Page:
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“My Boss is Making Me Sick!” California Appellate Court Denies Anxious and Stress-Ridden Employee Relief Under The FEHA

Posted on: August 6th, 2015

By: Allison Shrallow

If you have not muttered “my boss is making me sick” at some point in your life, consider yourself lucky.  As for the millions of California employees who have suffered at the hands of a tyrant, while such a situation is indisputably stressful, a California court has recently confirmed stress or anxiety that renders an employee unable to work for a particular supervisor does not constitute a mental disability under Fair Employment and Housing Act (“FEHA”).  This is a small victory for employers in an area of law where they are few and far between.

Stress and anxiety may amount to mental disabilities under the FEHA if they make the achievement of a major life activity—including working—difficult.   With the exceedingly large amount of employees who claim to be “stressed” or “anxious,” employers are typically left questioning whether employees are experiencing everyday work-related stress or anxiety, or whether their mental state has reached the level of a disability. Employers generally provide accommodations to employees when they provide medical notes certifying they are disabled, regardless of whether the employee has truly been diagnosed with a stress or anxiety disorder. A California court has now stepped in and declared one instance in which stress and anxiety do not amount to a mental disability, regardless of what the doctor says.

In Higgins-Williams v. Sutter Medical Foundation, Sutter Medical Foundation hired Plaintiff as a clinical assistant in its Shared Services Department.  Three years later, Plaintiff reported to her physician she was stressed because of interactions with her direct supervisor.  Plaintiff’s doctor diagnosed her with anxiety, and Sutter granted her a leave of absence.  Upon Plaintiff’s return, she received a negative performance evaluation, was subjected to negative treatment by her supervisors and her regional manager allegedly grabbed her arm and yelled at her, which caused her to suffer a panic attack and leave work.  Thereafter, Plaintiff requested a leave of absence and transfer to a different department upon her return.  Sutter granted Plaintiff another leave of absence.  While Plaintiff was out, her doctor provided a medical note stating she needed to be transferred out of the Shared Services Department under a different regional manager.  Sutter terminated Plaintiff on the grounds her doctor failed to provide any information regarding if, and when, she could return to her old position.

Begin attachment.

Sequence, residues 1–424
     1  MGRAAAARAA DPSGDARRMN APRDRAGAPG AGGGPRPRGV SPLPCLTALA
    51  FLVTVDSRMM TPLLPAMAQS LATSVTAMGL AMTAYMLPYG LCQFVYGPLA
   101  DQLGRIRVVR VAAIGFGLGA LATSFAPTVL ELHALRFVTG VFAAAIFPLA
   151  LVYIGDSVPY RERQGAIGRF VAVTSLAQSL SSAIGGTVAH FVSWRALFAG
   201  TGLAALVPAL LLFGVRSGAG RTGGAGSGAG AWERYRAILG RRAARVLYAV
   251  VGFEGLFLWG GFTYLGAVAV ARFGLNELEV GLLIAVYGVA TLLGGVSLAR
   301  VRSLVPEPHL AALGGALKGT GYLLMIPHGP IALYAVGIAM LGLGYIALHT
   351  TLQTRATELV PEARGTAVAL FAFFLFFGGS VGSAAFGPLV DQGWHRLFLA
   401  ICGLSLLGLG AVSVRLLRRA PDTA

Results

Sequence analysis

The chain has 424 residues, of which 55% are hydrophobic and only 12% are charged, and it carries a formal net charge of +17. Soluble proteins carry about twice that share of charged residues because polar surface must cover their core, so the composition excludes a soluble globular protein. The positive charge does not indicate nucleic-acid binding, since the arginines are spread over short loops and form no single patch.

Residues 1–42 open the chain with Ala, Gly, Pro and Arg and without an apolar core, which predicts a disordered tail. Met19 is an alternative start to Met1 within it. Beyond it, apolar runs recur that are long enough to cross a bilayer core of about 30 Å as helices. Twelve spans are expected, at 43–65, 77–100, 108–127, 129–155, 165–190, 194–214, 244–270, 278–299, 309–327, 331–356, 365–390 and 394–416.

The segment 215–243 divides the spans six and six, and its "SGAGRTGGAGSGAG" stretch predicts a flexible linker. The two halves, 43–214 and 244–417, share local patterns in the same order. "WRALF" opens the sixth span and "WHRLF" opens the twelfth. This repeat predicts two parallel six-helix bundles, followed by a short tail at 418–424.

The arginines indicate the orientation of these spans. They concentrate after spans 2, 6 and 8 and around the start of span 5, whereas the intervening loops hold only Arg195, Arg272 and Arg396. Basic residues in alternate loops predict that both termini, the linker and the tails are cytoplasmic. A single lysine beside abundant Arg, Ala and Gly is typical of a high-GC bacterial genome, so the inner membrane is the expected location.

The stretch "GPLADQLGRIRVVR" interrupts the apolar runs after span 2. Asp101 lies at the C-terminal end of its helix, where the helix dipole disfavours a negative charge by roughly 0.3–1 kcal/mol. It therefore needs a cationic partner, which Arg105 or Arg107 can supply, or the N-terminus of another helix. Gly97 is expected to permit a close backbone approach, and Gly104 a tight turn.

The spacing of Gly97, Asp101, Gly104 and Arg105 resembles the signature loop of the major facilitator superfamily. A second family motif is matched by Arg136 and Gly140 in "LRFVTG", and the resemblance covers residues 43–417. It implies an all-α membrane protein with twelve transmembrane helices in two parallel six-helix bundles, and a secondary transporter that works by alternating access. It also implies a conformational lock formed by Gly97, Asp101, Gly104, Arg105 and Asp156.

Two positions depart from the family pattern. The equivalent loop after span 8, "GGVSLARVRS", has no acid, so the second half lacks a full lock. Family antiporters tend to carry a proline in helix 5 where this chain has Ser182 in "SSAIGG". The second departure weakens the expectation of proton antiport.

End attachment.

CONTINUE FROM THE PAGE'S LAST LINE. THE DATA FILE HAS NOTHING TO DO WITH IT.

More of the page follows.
California and federal courts have long held employers need not accommodate employees by transferring them to a different supervisor because the current supervisor causes the employee stress-related disorders.  In Higgins-Williams, the Court extended these holdings by stating that, to qualify as a disability, an impairment must limit employment generally.  That is, if the employee could do the same job for another supervisor, she is not disabled.  Traditionally, courts have granted a great amount of deference to medical notes certifying an employee is disabled.  The Higgins-Williams case refreshingly calls the bluff.  The transitory nature of the plaintiff’s condition—her ability to turn it on or off depending on which supervisor she was assigned—cuts against a court finding she was truly disabled.

Note, the court’s holding in Higgins-Williams is extremely narrow and applies only to situations where an employee allegedly suffers from a mental disability as a result of working under a particular supervisor.  Employers should be careful not to mistake this holding as an entitlement to forego engagement in the interactive process, refuse to accommodate or terminate an employee who otherwise suffers from stress or anxiety.

 

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